Trapper Asylum

The corridor bore the horrors of misguided humans for over a century. Long since faded were the screams of patients thrown into the corridor’s antechambers of absolute darkness. Gouges in stone from wrecked hands had been painted over decades ago. The lighting installed to brighten the place now powerless, a tube and its cover hanging solid from webs collecting detritus.

An echo, suddenly, from around the corner, away from this long abandoned hallway. A girl, not yet nineteen, the colours of her clothes and hair too new, neons unimagined when this asylum was functioning. She stumbles into the corridor against her will, her yelp muted as the weight of the space falls on her. Leslie’s eyes widen as she takes the place in. Her friend enters after her, prodding Leslie. Kylie’s colours are brighter still, outshining her friend’s. Kylie ignores Leslie’s stricken pause and pushes her deeper into the hallway.

Leslie turns and slaps her friend’s hands away. It’s a sharp strike that catches Kylie off guard. She pulls her smarting hand away, looks at the scratch along her knuckles. The brighter girl frowns.

“You cut me.”

Leslie looks at the small wound. Her annoyance crumbles and she steps to her friend, apologises. “I just… this place is too creepy.”

Kylie flaps her hand, dismissing the pain and Leslie’s whimpering. She steps past her into the faint moonlight struggling through a filthy window. She takes it all in, standing tall, proud of her lack of fear. This is just a stupid old building that’ll one day make someone a fortune as a redevelopment site. Kylie turns to the doorways, four of them spaced out along the stark old wall.

The first is locked tight, sealed by decades of rust and warp. She runs her hand along the old knob and across the flaking paint to the second door. Behind her, still at the corner, Leslie shuffles. Kylie looks over her shoulder at her cowardly friend. She smiles sweetly, beckons. “Coming?”

Leslie peers back from where they came. Kylie keeps walking. The lonely darkness behind them is worse than the shared unknown ahead, so Leslie rushes to catch up.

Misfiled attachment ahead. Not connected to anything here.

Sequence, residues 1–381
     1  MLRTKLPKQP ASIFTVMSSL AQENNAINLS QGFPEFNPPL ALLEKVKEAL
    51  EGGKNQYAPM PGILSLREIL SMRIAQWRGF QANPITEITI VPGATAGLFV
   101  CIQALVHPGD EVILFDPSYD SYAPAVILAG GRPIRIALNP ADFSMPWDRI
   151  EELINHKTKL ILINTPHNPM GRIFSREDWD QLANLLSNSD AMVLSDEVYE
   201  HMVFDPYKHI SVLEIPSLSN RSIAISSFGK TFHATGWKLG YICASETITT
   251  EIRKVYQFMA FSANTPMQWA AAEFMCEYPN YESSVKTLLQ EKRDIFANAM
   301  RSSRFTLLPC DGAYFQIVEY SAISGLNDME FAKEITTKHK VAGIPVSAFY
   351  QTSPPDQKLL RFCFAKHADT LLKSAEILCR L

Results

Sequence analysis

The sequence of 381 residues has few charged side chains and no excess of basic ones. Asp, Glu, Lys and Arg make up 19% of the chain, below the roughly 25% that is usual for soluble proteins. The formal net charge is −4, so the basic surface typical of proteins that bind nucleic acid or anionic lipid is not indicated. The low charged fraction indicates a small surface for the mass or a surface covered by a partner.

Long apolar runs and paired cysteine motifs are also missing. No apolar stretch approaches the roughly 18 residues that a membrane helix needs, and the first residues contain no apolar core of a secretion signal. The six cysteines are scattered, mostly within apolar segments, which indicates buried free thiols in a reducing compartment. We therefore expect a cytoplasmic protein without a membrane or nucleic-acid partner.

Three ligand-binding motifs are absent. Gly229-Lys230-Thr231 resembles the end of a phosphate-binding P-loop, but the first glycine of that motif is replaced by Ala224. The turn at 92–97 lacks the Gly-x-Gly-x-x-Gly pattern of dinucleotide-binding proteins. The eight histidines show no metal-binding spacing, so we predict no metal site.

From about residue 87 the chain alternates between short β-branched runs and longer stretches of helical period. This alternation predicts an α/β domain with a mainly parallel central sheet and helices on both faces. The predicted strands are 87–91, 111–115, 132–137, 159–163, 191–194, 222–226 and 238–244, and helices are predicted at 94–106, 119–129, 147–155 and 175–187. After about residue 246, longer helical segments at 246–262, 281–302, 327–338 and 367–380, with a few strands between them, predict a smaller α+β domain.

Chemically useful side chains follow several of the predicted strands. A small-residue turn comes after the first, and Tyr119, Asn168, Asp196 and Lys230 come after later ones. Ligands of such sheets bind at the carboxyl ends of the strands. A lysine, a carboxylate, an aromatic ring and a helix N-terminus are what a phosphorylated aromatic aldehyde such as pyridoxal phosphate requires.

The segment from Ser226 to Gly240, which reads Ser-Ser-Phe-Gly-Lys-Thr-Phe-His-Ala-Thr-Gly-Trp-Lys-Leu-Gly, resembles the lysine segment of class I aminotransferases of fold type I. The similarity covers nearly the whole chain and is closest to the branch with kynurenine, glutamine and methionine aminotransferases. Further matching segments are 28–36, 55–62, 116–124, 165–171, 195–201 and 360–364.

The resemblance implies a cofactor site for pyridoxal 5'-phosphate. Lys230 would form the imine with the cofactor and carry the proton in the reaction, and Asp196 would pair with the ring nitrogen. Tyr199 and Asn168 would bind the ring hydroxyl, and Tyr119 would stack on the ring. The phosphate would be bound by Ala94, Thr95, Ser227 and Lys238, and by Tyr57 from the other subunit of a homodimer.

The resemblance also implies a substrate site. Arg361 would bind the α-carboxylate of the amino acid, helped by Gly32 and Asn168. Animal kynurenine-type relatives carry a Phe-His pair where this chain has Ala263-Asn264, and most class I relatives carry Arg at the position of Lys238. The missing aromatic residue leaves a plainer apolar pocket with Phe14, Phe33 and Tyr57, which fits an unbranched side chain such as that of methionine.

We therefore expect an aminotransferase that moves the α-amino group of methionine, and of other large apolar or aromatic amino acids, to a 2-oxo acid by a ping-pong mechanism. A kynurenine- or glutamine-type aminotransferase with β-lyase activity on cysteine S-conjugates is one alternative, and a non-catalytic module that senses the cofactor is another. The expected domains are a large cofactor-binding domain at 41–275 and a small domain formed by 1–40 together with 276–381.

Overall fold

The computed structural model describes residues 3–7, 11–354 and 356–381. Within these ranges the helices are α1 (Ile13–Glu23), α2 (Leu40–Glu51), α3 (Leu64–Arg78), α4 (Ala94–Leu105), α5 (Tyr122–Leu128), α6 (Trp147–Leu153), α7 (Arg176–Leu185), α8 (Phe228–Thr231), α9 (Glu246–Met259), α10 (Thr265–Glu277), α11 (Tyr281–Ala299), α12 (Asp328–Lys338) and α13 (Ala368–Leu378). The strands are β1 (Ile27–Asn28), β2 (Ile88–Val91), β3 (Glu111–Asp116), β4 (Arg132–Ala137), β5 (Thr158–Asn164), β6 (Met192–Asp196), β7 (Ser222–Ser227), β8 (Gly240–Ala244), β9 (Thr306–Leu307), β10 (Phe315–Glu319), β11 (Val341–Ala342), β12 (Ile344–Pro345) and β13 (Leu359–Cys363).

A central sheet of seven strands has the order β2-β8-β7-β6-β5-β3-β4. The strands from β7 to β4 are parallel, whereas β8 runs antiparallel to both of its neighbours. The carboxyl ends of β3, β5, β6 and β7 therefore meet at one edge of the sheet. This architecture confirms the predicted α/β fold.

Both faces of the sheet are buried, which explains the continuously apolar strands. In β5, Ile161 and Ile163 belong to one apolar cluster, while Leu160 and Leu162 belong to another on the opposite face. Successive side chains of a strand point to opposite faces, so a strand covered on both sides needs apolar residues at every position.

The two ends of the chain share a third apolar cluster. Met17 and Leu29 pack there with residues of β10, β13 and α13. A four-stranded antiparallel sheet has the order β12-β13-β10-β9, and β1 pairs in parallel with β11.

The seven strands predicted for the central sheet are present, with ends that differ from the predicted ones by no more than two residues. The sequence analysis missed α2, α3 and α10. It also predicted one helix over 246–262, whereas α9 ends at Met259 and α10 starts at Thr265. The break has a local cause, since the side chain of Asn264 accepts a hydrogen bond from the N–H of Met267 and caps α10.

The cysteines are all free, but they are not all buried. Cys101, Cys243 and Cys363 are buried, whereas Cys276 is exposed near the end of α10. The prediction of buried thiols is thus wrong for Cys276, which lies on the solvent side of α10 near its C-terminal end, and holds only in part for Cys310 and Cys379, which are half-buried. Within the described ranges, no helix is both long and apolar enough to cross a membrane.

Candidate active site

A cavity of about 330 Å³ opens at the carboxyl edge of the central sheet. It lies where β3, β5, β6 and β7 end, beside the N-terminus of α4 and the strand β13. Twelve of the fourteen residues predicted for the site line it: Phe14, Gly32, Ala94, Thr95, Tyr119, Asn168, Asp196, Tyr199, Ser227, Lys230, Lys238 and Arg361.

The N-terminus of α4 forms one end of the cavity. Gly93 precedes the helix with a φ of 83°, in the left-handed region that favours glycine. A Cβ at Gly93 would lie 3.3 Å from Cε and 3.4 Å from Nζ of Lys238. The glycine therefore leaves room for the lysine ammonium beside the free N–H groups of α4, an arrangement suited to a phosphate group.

She passes the second door, broken and blocked by furniture, to meet Kylie at the wide open third. Kylie’s head is hidden inside the room, just her body and painted fingers holding her against the door way. Leslie slows her pace, reaches out to tap her friend, then gasps and jumps back as Kylie pulls back anyway. Her blonde hair bounces as she laughs at her friend, but Leslie, angry at the taunting, notices her laughter is quieter than it might be outside.

Kylie steps back and motions with both hands, “After you.” Leslie shakes her head, more angry now than afraid. Kylie recognises the emotional shift and snorts her disappointment, then shrugs and steps through the entry, out of sight.

Leslie stands there, frozen, shocked her friend could be so stupid. Straight in, no checking, no thought. Anger boiling up and overtaking sense, she steps towards the door herself, then jumps back a second time when Kylie pops out.

“I need your phone.”

Leslie touches her pocket. “What? Why?”

“It’s too dark in here.”

“Use your own.”

Frustrated, Kylie slaps the door frame. The impact reverberates through the walls, surprising her. They pause a moment, looking at the ceiling as the building settles, then look back at each other, both sets of eyes wide.

They burst into soft giggling, the tension of the moment melting away. “Come on,” Kylie says. “Stay behind me, we’ll explore together.”

Leslie pulls her phone out and turns on the light, right in Kylie’s face. She pulls her face away and grabs the device, then holds up her own. Leslie joins her as they both turn in to the room, Kylie holding both little LED lamps out like headlights in the dust.

They’re met by boxes and cases, packed high, channelling them deeper into the room. Leslie stays close, one hand on the small of Kylie’s back. Both take in sights through their circles of light, mesmerised by the metal tools and arcane instruments of medicine. Kylie spots something and rushes forward, pulling Leslie with her.

Neither of them notice the shifting of shadows beside the door they’d just entered.

Kylie lifts her phone to something Leslie can’t yet make out. Leslie closes the gap, holding her arms as the cool of the room sinks into her exposed flesh. Kylie touches something, pulls back, disgusted.

“It’s wet.”

“Hang on,” Leslie mutters. She steps around Kylie, forces her hand up so one of the torch lights falls on a long thin cord. Leslie walks away, pulls the cord, and a wide lamp clicks on revealing a table covered in the butchered bodies and blood soaked pelts of small animals. A skinned rabbit hangs from a hook, its viscera fallen into a jar on the table. A fox, fur still on, but belly slit open, is the freshest item under the weak light.

Kylie screams and jumps back. Leslie stares, terrified but silent. Kylie keeps backing away, then stops when she hits something, the jolt causing her to drop one of the phones. She spins around. Leslie’s gaze slowly breaks away from the meat and bone on the workstation. Kylie lifts her remaining light up, along a bloodied, filthy smock, up over a hefty man towering over her. Before the light gets to his face, he knocks the phone out of her hand and crushes it under his boot. Kylie screams. The remaining phone’s torch and the lamp light are all that’s left, neither aimed at the pair. Leslie screams to match Kylie’s own, but then Kylie’s voice chokes out.